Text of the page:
Thursday, June 14, 2007


When I was setting out for Morocco, my dear old New York Times didn't offer a lot by way of travel advice. Now, it feels as though they've stalked me here. A profile on Fes, a close-up on my rug guys, and now an article on food and cooking! Though Joan Nathan writes today about ferrane, communal ovens in Assilah, I get the feeling she found a slightly different Morocco than the one I call home. For example:

"People eat seasonally, shop at the outdoor markets, buy live chickens to have slaughtered on the spot, feathers flying helter-skelter. (In the big cities, where health inspectors and supermarkets are taking over, this is a dying custom.)"
Dying? I'm in the third-largest city in Morocco and I watched a chicken die on Saturday because I happened to be walking by a butcher's stall in the medina just as a customer made her purchase - he picked up a bird, held it around the neck, and slit its throat with an already-bloody knife. I go to school three blocks from a storefront in the ville nouvelle nicknamed "chicken death row" for the cages of birds squawking and stinking just off a main street. I don't buy my poultry that fresh because I'm too lazy to deal with feathers, but to call it a dying tradition? Not yet it isn't.

"Today many people have gas stoves or propane cooktops at home, and the communal ovens are disappearing...In Assilah, as in other Moroccan towns, the ovens are in transition, still in use even though many people have their own stoves."
I lived with a solidly middle-class host family and they did have their own oven and baked bread at home, but even they considered this a luxury, even in the new city where families are more isolated and independent. In the medina, houses are compact and crowded and the ovens are still very much alive and necessary. In Marrakech, I watched a little boy carrying his family's bread home get in a fight with another boy. He set his tray down ever-so-carefully in the road before proceeding to kick his opponent in the groin. This was a kid who knew that coming home with dusty bread or no bread at all would be a big problem, and who took his job as oven-runner seriously. If a six-year-old takes it that seriously, you know it's important to Mom, too.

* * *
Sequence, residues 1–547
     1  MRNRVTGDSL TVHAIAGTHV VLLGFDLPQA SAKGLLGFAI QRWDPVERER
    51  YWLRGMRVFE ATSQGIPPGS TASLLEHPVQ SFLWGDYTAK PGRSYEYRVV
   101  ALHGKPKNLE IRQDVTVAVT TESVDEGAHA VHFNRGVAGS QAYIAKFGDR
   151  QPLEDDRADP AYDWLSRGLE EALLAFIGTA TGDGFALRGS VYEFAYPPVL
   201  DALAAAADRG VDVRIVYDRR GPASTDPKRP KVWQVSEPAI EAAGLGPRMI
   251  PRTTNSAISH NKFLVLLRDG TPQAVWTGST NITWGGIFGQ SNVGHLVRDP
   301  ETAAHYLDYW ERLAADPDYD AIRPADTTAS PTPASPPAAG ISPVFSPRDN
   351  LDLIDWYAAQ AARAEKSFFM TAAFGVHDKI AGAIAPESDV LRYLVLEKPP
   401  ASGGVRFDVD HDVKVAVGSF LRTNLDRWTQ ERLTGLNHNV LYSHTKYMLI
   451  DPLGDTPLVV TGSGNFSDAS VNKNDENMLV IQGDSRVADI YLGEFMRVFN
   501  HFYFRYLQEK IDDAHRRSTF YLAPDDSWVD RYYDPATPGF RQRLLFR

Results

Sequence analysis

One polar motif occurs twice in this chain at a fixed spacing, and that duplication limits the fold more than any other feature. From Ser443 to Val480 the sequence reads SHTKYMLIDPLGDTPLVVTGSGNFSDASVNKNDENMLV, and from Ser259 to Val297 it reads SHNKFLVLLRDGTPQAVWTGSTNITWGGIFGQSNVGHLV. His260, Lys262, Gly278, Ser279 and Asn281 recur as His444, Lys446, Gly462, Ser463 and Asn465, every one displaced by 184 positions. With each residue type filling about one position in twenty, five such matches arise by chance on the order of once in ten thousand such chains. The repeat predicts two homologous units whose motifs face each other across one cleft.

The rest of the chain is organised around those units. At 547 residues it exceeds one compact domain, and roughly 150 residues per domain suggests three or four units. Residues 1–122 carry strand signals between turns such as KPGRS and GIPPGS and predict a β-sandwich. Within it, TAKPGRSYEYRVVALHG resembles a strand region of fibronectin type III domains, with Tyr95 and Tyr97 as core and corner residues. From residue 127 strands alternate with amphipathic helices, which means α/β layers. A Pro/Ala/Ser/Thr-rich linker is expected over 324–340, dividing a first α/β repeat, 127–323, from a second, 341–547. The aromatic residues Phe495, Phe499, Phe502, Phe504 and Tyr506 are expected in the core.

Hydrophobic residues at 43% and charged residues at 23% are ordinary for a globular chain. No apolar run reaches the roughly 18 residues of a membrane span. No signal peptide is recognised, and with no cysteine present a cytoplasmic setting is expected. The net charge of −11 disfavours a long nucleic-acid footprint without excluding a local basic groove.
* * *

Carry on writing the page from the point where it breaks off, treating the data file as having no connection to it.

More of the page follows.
"Ms. Sella insisted that the couscous be steamed three times, something that cooks rarely do in the United States."
It's also something many Moroccans cheat on, apparently, considering that my own teacher only insisted on twice :) Still, her couscous recipe looks like a traditional royale (rather than the standard vegetable mix - a classic couscous nonetheless). Note that even the NYTimes foodies don't try bastilla, which I'll admit I'm both eager and terrified to attempt...but it tastes so good there's no way I can't at least make an effort to bring it home with me.


Sarah said...

haha, a 'dying' tradition...;)

taamarbuuta said...

I mostly liked that article, although as far as that being a "dying tradition," it feels like it here. I don't know if you live in the medina or the VN, but having lived in the VN of Meknes for two years, I have actually NEVER seen a chicken being slaughtered (although nearly every time I go to the Fes medina, I do).

I think the author must have spent too much time in my neighborhood!

KEP said...

it's true that in some places it probably is becoming less common, but the Fes medina is definitely not one of them...and while in most of the Ville Nouvelle the butcher shops don't make their business so public, there are still ones near my home who keep their live chickens on display.

By the way, welcome!

xoussef said...

butchers might keep it less public, but an average Moroccan would never buy chicken not freshly slaughtered. most people will go and pick live chicken them selfs.